Seoul Does Brunch: South Korea Embraces the Newfound Weekend
Travel Blog • Joanna Kakissis • 11.07.07 | 9:59 AM ET
As globalization continues its culture-morphing march, it’s brandishing a powerful weapon: brunch. In Seoul, once a city so overworked from a six-day work week that tired South Koreans only socialized late in the evening, a Western-style brunch of toasted bagels and blueberry pancakes is the latest way to bond with family and friends, according to The New York Times.
If you go to Seoul today, you’ll find as many as 200 restaurants specializing in brunch, writes Su Hyun Lee. Five years ago, such restaurants catered primarily to Western expatriates and tourists. Today, the South Koreans are joining in. The government officially shortened the work week from six days to five in 2004 and by 2011 all private companies must provide two days off for their employees. As a result, there’s a weekend—and new inns are popping up throughout the country for weekend getaways.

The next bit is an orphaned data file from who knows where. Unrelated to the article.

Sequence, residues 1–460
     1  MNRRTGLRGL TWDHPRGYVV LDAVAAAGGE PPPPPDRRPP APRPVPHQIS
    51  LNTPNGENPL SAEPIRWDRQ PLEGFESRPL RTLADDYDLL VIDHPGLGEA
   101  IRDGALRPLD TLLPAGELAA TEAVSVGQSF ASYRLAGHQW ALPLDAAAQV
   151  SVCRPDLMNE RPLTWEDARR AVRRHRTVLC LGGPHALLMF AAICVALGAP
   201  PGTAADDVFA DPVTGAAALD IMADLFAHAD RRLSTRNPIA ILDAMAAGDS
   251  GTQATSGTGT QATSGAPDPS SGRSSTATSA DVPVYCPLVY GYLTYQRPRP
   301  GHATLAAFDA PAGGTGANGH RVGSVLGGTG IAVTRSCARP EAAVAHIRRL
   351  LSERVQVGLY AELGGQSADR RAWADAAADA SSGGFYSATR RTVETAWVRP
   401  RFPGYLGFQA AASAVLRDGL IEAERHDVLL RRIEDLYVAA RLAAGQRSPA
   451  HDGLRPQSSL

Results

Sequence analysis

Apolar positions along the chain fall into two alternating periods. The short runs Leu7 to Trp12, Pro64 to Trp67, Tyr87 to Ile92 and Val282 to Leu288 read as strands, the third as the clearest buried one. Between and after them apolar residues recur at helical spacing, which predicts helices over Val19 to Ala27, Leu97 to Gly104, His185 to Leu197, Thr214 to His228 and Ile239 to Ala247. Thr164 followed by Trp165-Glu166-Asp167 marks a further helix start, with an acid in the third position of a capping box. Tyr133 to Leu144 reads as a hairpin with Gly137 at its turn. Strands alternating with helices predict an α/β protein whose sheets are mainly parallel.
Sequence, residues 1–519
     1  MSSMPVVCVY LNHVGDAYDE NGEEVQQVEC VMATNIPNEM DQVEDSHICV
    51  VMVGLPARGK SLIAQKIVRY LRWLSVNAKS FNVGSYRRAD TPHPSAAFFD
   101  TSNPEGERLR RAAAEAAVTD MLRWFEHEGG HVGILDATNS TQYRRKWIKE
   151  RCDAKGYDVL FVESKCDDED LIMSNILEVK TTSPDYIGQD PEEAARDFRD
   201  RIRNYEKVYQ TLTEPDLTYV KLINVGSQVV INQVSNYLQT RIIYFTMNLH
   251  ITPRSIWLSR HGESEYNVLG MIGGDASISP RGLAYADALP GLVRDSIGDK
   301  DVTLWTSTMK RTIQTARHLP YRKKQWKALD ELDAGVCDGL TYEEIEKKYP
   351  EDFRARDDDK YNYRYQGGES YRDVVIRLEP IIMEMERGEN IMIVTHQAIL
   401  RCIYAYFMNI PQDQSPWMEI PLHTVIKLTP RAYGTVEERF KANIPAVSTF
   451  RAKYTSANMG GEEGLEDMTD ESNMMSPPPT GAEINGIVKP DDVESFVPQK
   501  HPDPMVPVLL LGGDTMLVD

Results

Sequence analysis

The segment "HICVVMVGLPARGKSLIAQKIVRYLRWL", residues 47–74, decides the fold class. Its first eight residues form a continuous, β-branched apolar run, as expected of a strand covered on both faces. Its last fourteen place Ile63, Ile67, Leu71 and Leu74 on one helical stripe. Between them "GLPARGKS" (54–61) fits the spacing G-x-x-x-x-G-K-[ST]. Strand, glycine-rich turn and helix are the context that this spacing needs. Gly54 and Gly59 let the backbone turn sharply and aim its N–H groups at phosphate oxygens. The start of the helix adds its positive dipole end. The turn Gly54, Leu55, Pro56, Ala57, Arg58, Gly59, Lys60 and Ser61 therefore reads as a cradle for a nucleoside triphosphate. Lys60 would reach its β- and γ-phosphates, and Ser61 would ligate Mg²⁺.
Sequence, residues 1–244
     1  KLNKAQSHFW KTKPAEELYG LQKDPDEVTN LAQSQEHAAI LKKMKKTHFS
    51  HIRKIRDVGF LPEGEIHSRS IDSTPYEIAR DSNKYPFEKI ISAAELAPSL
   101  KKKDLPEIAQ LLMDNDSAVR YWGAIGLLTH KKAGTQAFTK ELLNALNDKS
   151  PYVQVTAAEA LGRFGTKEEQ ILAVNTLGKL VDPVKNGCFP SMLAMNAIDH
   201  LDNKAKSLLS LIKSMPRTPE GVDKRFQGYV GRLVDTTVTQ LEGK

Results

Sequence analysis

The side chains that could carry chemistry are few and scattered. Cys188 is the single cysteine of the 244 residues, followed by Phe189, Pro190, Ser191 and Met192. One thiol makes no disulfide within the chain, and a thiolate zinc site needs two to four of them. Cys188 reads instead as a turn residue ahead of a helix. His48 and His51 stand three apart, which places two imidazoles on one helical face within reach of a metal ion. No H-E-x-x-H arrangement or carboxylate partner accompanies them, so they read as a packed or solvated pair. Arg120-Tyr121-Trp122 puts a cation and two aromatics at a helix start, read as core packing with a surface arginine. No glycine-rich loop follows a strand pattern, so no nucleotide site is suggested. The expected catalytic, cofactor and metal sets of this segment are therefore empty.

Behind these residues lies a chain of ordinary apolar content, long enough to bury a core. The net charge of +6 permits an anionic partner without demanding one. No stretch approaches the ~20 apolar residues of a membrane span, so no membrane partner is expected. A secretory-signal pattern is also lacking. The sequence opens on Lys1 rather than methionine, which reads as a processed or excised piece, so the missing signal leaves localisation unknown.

Still, I’m not so sure how I feel about brunching in Seoul, a city with a positively mouthwatering native cuisine. Though I long for omelets and home fries at the Early Girl in Asheville, NC, or a short stack at Al’s Breakfast in Minneapolis’s Dinkytown just as much as any self-respecting American expatriate, I do think I would avoid clearly imported culinary customs as a traveler. Even if I have to suffer Greek breakfasts of grainy coffee, feta and cigarettes (I don’t smoke), I know I’ll be rewarded with a divine meal of wine-marinated cuttlefish later in the day.